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Antarctic summer thaw lasts longer than previously thought

A new study led by Colgate University has found that summer thaw in Antarctica occurs nearly a month earlier, and lasts for a full two months longer than previously thought. These findings change our scientific understanding of seasonal thawing in parts of the Antarctic continent, raising alarms regarding the negative impact of global warming on our planet.

“Antarctic water tracks and ephemeral wetlands are a primary location for biogeochemical soil processes driving cold desert soil formation. Though the spatial extent of water tracks and wetted soils has been mapped in the McMurdo Dry Valleys (MDV) on the basis of mapping darkened pixels in high-resolution commercial satellite imagery, the timescale over which water tracks and wetlands form and the duration of these biogeochemically active environments remain unknown,” the study authors explained.

By using a combination of in situ soil sensors and data from two complementary remote imagining platforms (Planet and WorldView) – which can scan the surface of the Earth daily or even multiple times per day – the scientists determined the start and end dates, together with the duration of wetted soils at ten sites located across the MDV. Their analyses revealed that Antarctic summer thawing is much more extended temporally than previously thought.

“What we found was that when you can scan coastal Antarctica almost every day, not just a couple of times a summer, we see that the ground is actually thawing and turning into icy swamps a full month earlier than we used to think, and it’s staying wet and thawed a full two months later, even into March,” said study co-author Joseph Levy, a geomorphologist and planetary scientist at Colgate.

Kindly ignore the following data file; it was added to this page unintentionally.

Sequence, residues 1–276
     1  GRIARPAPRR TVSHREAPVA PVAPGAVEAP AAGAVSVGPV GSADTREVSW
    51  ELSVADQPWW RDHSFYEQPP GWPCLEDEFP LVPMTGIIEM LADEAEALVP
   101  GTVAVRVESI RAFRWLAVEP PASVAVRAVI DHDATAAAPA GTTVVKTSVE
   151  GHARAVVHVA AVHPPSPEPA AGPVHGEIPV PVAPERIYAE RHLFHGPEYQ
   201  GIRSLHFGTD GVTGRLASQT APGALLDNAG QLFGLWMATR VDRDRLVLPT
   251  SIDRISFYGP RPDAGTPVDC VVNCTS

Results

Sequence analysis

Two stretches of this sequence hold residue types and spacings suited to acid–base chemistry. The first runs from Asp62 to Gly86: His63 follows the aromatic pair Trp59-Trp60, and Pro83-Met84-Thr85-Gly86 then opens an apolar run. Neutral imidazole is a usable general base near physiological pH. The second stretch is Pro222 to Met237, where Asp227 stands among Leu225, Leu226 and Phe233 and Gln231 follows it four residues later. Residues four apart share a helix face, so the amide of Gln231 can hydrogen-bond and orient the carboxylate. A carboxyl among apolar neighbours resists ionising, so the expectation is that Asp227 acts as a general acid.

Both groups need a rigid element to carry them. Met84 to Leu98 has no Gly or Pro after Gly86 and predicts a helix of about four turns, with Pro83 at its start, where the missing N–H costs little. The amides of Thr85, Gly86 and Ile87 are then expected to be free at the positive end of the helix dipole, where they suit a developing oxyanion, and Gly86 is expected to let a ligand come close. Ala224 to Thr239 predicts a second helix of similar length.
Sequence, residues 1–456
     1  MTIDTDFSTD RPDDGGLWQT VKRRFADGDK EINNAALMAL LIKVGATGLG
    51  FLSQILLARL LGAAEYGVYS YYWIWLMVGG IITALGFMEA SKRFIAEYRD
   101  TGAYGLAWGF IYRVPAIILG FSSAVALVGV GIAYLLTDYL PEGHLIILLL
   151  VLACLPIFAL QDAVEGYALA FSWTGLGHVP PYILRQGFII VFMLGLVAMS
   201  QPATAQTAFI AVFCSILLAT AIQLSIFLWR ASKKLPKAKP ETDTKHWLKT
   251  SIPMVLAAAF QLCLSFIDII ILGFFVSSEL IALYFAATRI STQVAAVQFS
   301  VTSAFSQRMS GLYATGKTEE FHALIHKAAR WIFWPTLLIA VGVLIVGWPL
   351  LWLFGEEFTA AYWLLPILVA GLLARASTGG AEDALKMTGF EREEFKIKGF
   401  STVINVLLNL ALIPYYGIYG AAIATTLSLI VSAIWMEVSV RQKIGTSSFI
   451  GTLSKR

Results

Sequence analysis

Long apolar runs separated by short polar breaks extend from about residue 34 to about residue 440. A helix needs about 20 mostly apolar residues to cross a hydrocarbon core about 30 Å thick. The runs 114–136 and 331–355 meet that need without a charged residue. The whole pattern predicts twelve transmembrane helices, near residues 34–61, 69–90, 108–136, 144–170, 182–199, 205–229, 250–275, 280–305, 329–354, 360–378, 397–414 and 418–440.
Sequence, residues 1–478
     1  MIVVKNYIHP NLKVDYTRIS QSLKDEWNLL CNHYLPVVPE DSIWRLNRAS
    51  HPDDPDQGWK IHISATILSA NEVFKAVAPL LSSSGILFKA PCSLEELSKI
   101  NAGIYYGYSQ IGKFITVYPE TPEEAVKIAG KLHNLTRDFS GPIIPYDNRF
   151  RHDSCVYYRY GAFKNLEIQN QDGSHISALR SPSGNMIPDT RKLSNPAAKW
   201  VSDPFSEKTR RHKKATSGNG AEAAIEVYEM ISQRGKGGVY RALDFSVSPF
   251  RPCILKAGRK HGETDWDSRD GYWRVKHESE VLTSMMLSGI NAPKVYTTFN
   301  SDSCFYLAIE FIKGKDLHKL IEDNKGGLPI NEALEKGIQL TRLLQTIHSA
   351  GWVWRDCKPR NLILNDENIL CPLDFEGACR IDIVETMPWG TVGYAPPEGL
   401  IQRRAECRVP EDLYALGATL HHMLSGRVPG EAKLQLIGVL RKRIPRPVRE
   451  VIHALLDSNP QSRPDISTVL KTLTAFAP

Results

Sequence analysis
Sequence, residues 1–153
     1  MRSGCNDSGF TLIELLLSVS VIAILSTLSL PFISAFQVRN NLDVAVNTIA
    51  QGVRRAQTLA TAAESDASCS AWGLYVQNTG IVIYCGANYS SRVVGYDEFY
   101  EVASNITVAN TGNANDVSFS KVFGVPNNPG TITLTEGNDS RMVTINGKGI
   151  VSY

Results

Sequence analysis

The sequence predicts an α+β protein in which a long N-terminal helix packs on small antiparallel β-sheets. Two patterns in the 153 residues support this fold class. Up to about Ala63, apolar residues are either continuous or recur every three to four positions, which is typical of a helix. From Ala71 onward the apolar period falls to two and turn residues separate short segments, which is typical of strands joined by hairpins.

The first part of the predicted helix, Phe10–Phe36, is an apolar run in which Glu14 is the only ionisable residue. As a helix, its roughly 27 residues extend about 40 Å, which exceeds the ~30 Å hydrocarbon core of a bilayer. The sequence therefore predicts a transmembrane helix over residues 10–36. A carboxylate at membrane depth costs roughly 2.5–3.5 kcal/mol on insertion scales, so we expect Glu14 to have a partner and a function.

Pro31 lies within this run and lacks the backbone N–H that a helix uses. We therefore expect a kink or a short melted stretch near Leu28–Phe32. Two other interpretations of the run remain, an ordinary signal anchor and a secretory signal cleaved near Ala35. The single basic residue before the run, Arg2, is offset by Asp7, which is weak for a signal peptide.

“What’s even more fascinating is that this ground is thawing and staying thawed at temperatures below freezing, so we know salts must be helping it to melt and keeping it muddy, like salting a road during a snowstorm.”

According to the researchers, while this extended melt is beneficial for organisms that need meltwater to survive in Antarctica’s harsh climate, it is quite bad news for the long-term stability of the permafrost and for ecosystems that thrive in freezing conditions.

“This extended hydroperiod has intriguing implications for biogeochemical processes such as long-term soil development in the Antarctic, biological functioning in long-lived soil waters and droplets, and the thermal evolution of Antarctic permafrost. Our observations can serve as a baseline for detecting future change in the duration and extent of water track and wetland processes in the terrestrial Antarctic in response to future climate change,” the authors concluded.

The study is published in the journal Arctic, Antarctic, and Alpine Research.  

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By Andrei Ionescu, Staff Writer

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